University participates in Delaware Olympic Day celebration
11:24 a.m., July 3, 2012--More than 3,000 young people swam ceremonial laps, unfurled bike tricks and rowed Wilmington’s Christina River during last week’s Olympic Day, which took place at locations throughout Delaware.
The number of participants is the highest total yet since the event was launched in 2010.
July 31: Campus internationalization webinar
Olympic Day was officially celebrated this year on June 22, when Gov. Jack Markell welcomed local youth athletes into his Wilmington office to discuss the importance of the day and to sign the Olympic Day proclamation, which recognized the day the modern games were birthed – June 23, 1896.
The participants -- First State BMX in Milford, the Suburban Swim League in New Castle County, the Monte Ross Basketball Camp at the Siegel Jewish Community Center in Wilmington, the Tina Martin Girls Basketball Camp at UD and the Wilmington Youth Rowing Association -- then kicked off a week’s worth of events with their own individual ceremonies to mark the first Olympic games.
Ross is head coach of the UD men's basketball team and Martin is head coach of the UD women's team, which won the Colonial Athletic Association title and advanced to the NCAA championship tournament this year.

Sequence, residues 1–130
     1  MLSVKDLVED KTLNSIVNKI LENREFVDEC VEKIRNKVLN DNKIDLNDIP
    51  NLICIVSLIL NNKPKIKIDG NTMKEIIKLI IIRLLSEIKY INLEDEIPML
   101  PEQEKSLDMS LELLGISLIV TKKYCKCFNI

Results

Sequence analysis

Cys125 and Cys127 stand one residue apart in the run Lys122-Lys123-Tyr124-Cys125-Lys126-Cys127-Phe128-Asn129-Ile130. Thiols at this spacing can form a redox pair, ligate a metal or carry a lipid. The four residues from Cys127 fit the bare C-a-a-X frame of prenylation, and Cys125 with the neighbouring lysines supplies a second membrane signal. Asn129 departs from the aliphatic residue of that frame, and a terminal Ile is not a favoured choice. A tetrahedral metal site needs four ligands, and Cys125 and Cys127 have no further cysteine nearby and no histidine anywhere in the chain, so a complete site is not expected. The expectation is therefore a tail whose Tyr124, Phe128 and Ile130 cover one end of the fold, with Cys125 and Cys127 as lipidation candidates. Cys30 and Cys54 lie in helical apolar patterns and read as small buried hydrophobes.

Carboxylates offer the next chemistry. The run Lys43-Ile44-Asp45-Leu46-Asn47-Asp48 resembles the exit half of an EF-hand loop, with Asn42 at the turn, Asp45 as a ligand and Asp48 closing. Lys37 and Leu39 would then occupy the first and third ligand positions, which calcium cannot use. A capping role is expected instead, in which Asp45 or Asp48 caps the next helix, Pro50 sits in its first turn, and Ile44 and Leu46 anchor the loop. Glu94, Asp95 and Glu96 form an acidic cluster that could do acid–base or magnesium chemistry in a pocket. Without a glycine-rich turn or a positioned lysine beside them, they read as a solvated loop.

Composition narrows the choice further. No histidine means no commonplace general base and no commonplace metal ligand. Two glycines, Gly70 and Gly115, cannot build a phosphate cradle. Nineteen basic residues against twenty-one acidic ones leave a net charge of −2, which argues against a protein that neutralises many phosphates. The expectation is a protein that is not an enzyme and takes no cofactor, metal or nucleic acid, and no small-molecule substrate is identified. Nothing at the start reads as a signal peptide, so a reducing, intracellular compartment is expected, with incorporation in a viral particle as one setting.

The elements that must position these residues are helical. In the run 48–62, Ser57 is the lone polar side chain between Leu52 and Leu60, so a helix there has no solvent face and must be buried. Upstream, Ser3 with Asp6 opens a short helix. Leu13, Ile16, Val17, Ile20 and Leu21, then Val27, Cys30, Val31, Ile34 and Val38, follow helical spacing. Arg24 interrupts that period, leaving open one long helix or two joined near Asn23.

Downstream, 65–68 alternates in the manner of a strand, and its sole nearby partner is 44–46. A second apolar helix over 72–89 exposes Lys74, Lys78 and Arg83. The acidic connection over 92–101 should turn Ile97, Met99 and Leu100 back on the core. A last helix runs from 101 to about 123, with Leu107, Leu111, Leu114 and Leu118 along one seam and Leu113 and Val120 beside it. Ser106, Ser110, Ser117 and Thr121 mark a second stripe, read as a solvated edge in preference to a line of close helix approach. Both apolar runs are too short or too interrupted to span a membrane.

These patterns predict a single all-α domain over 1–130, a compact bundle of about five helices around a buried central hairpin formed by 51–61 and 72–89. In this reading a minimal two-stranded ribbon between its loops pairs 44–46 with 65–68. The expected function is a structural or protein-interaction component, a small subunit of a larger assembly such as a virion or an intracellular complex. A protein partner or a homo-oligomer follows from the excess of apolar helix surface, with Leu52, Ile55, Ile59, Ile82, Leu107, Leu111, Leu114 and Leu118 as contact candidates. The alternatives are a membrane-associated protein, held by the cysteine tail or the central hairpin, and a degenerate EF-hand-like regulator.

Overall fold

Olympic Day, a joint effort of the Delaware Sports Commission (DSC), the University of Delaware and the U.S. Olympic Committee (USOC), is more than a celebration and a ramp-up to the looming 2012 Summer Game in London -- it’s an international effort by more than 160 countries to promote fitness and well-being in addition to the four Olympic ideals of fair play, sportsmanship, perseverance and respect.
"Every year we top the previous campaign’s mark is another victory for playing sports the right way and living a healthy lifestyle," said Matthew Robinson, UD professor of sport management and president of the DSC. "Having more than 3,000 Olympic Day participants in Delaware shows the state’s dedication to this international event and the Olympic principles. We expect to see even more young people take part in 2013."
"Delaware’s ability to embrace the idea of thinking globally while acting locally was evident in its enthusiasm and dedication to this event," said David Arthur, executive director of the DSC. "The Olympic spirit is alive and well in Delaware."
Each participant in this year’s event, which wrapped up July 1, received a red, white and blue Olympic Day bracelet courtesy of the UD sport management program.
"The kids thought the Olympic Day bracelets were pretty cool," said Mathew Futterman, an intern for the DSC. "I really enjoyed working with all of the organizations to coordinate all of the festivities."